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The Comedy Process: Adam Scott on “The Overnight”

It makes perfect sense when Adam Scott admits that he grew up watching Steve Martin and Albert Brooks. The star of “The Overnight,” now in theaters, and “Parks and Recreation” has a similar, deadpan, intellectual comedy style. In his latest, he plays half of a couple (with Taylor Schilling) who has a life-changing night with a new pair of friends (Jason Schwartzman and Judith Godreche) that includes a surprising amount of bad behavior and male nudity. Patrick Brice’s comedy has earned raves since it premiered at Sundance and is expanding around the country over the next few weeks. Scott was recently in Chicago, and, as it so often does after the publicist introduces me and says, the conversation opened with a discussion of the legend himself and what he meant to Scott:

ADAM SCOTT: I’ve always been a sort of movie nerd of sorts because it’s all I ever thought about or cared about as a kid growing up. So I would read Roger Ebert’s books. Every year they would put out the compilation. I remember his review of “Dead Poets Society” really changed the way I thought about movies.

He didn’t like it.

He didn’t like it! Well, it was a very mixed review. And that movie really affected me in a HUGE way. Then I read his review. I remember exactly where I was standing in the book store reading his review. He used the word “puncture.” He said that Robin Williams punctured the character by doing his John Wayne routine. And I remember thinking, “You know what? He’s fucking right!” I would then repeat that to people. “I feel that Robin Williams punctured the character…” So funny. It changed the way I thought about it.

A lot of people’s favorite Roger reviews are ones that they disagree with but his writing is so strong. Do you think the idea of not puncturing character with over-performance influenced your acting perhaps? You’re an understated actor and comedian.

Probably. Remaining true to the thing. And who knows? Maybe Robin Williams didn’t want to do that. I could see a studio insisting that it be a part of the thing. Now, looking back on the movie, I kinda think “Yeah, it punctures the character, but who gives a shit?” It’s a fun scene. And what a brilliant movie. But, as a film critic, you have to take stuff like that seriously. And the thing I always liked about Roger Ebert and his writing was that he would judge a film on its merits and what it was setting out to accomplish and how well it did so. There’s a lot of critics nowadays, one in particular I can think of, who really bother me in that if they were a food critic and their favorite meal was a hamburger, they would criticize other meals for not being a hamburger. They wouldn't critique a plate of spaghetti as a plate of spaghetti but they would critique it as to why it isn’t a hamburger. For me, that’s not film criticism. That’s not Roger Ebert. That’s not Pauline Kael. Forcing your very specific tastes on a movie is not film criticism.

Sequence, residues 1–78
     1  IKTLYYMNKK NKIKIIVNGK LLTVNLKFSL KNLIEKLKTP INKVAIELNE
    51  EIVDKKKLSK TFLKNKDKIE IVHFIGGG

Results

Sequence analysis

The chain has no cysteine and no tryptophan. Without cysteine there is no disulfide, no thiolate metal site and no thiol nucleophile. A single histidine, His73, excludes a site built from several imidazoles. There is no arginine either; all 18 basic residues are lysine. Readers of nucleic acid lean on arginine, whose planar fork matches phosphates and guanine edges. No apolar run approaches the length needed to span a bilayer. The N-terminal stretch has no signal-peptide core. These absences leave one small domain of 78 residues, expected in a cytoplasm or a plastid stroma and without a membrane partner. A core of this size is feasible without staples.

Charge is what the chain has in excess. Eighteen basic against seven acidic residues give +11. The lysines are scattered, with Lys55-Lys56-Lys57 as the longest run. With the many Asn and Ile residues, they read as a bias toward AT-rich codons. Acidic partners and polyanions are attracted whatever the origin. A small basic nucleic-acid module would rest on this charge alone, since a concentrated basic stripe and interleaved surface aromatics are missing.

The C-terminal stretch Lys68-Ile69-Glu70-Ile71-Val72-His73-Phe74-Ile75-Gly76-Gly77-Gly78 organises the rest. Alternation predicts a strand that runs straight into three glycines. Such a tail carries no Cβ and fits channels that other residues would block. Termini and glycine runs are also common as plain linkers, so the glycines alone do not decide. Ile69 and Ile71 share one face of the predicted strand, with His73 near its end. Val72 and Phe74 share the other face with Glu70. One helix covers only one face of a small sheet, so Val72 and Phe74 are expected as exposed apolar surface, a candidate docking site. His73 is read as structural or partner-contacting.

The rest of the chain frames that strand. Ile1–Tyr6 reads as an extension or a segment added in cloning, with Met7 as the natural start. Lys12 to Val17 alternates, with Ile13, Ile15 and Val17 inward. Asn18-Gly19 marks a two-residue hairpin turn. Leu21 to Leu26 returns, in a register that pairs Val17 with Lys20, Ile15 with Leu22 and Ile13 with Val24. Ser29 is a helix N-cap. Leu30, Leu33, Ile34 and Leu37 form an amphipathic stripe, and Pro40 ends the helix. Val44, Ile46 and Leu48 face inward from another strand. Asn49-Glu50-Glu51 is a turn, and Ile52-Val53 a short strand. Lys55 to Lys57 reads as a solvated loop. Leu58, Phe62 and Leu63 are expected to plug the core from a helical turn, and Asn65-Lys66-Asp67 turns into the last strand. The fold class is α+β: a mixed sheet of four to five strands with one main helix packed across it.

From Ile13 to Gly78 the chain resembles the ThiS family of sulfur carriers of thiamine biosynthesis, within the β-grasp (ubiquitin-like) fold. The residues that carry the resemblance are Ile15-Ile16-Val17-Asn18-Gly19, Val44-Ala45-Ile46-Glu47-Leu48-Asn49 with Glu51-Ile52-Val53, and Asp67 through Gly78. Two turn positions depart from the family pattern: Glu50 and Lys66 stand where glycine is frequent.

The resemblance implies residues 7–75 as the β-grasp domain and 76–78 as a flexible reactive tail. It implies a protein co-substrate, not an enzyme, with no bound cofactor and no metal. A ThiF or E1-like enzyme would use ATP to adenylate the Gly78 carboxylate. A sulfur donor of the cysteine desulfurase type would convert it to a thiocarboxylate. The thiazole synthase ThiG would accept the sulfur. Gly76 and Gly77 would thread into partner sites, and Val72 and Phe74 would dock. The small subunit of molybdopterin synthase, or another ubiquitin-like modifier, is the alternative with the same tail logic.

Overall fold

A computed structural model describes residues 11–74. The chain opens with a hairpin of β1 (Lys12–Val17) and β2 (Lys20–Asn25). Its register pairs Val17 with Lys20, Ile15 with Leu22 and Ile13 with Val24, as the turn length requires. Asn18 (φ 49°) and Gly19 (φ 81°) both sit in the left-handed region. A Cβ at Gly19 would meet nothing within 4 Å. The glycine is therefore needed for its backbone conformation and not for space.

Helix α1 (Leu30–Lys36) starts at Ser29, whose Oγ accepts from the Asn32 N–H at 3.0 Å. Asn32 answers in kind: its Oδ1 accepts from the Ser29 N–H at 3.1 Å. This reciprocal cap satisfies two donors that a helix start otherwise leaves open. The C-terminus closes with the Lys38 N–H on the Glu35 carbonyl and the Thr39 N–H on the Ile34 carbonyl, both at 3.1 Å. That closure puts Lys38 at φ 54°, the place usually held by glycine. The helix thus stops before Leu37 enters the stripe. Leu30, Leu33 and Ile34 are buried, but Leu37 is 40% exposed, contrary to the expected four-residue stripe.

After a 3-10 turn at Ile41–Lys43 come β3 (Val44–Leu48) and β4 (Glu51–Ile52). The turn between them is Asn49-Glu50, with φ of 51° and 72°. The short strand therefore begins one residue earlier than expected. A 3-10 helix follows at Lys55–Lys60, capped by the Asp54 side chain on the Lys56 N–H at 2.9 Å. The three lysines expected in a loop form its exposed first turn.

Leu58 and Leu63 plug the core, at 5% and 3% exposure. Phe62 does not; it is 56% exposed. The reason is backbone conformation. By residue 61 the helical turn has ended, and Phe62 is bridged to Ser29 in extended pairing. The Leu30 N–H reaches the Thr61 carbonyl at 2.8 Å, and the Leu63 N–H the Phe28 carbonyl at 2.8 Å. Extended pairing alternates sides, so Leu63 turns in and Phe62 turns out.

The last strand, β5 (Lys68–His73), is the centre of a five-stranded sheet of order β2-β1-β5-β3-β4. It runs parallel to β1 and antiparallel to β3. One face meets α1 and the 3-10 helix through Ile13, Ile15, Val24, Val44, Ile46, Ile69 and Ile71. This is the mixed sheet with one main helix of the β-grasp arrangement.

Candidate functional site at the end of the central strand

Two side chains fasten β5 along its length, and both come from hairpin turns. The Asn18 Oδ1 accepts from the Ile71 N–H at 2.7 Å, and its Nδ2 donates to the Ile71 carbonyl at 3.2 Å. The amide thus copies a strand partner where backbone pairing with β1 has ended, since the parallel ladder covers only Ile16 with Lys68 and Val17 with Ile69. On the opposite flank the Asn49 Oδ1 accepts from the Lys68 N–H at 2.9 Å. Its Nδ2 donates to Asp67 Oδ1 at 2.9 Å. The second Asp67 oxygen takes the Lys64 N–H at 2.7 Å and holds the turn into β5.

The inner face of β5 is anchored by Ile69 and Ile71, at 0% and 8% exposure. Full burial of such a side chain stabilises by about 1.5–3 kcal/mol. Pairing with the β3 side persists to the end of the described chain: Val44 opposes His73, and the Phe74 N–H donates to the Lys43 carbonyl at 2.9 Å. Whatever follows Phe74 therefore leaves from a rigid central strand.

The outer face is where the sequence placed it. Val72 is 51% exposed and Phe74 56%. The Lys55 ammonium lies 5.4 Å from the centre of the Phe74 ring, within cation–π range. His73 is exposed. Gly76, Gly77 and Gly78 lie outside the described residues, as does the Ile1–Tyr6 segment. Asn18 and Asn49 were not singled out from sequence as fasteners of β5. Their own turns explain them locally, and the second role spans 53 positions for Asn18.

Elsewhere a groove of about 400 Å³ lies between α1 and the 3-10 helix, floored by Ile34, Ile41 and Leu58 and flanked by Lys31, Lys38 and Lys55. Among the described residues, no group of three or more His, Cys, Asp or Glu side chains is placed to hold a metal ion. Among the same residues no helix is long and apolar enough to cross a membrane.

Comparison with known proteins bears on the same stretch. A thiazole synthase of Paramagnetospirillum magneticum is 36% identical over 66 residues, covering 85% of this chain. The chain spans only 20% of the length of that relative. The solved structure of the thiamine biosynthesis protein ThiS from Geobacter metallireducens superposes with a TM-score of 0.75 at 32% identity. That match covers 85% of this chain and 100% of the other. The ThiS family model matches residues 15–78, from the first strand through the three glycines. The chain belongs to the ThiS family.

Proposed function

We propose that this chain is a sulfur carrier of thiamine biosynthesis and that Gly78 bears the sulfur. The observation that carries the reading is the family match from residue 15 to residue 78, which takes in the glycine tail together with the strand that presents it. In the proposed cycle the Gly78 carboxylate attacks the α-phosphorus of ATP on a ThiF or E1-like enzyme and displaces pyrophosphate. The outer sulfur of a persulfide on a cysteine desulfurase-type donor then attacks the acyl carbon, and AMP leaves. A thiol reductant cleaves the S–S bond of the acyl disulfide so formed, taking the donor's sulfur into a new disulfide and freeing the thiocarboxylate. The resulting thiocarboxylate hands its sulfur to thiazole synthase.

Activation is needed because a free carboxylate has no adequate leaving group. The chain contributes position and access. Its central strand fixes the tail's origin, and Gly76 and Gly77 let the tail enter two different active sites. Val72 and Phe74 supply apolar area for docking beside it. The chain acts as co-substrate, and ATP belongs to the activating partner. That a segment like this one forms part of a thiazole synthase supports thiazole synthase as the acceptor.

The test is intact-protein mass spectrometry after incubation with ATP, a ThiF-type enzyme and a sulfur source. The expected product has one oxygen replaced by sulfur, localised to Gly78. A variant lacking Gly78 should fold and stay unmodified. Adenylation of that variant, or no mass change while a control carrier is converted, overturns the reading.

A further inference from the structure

Roger wasn’t afraid to give an action movie 4 stars if it accomplished what it set out to do.

I know it! That’s why I admired him. What are its goals? And how well does it accomplish them?

Let’s talk about “The Overnight.” When you get a script that features this much full frontal nudity for your character, do you immediately question how that’s going to be done? Is that a concern?

YEAH. Very much so. It was one of my first questions. He was like, “Yes, prosthetics.” You would have to get a giant-dicked actor and a teeny-dicked actor. That was a concern. David Wain actually put us in touch with a good prosthetics guy because Joe Lo Truglio had his prosthetic penis in “Wanderlust.” He did a great job and for a great rate. Got the dicks.

What attracted you to the script originally?

I thought it was really funny but also touched on something interesting in that when you get married and have kids that through the need to be a rock for these little people, you forget to change. You can still evolve and reinvent as a person, shed a skin every once in a while. These people are really due for it and they don’t really know it and then this night sort of happens to them. My character in particular grows up a lot in a period of a few hours. It’s really interesting.

It also taps something truthful in how difficult it can be to make adult friends.

Yes. It’s true.

Why do you think that is?

I think you get busy and the ceiling gets lower and lower for time to make to friends. The only places we make friends now are through work or children because that’s all we do. I really did relate to that as well.

How much input does Patrick give you in terms of script work in advance or improv on the set?

We did improvise a lot. Patrick didn’t use all of it nor should he have. I like improvising a lot. I think it’s a really healthy, fun thing for the actors. It keeps everybody alert and alive. They feel like they’re contributing and it’s very collaborative. And you get great bits that you might want to use in the movie. You never know what’s going to come out of improvisation. Sometimes you’re doing a scene for a while and it can get kinda stale. There are a lot of improvised bits peppered throughout. The one thing that comes to mind is the end of the movie when I’m saying something about “The Beach,” the Leonardo DiCaprio movie, and I was throwing it out there as a dumb thing I thought of and then Jason came back and tied it back into the movie and his character. That’s how good Jason is. He’s so fun to improvise with. And it’s in because it’s so funny and random. I enjoy that. It’s a healthy thing.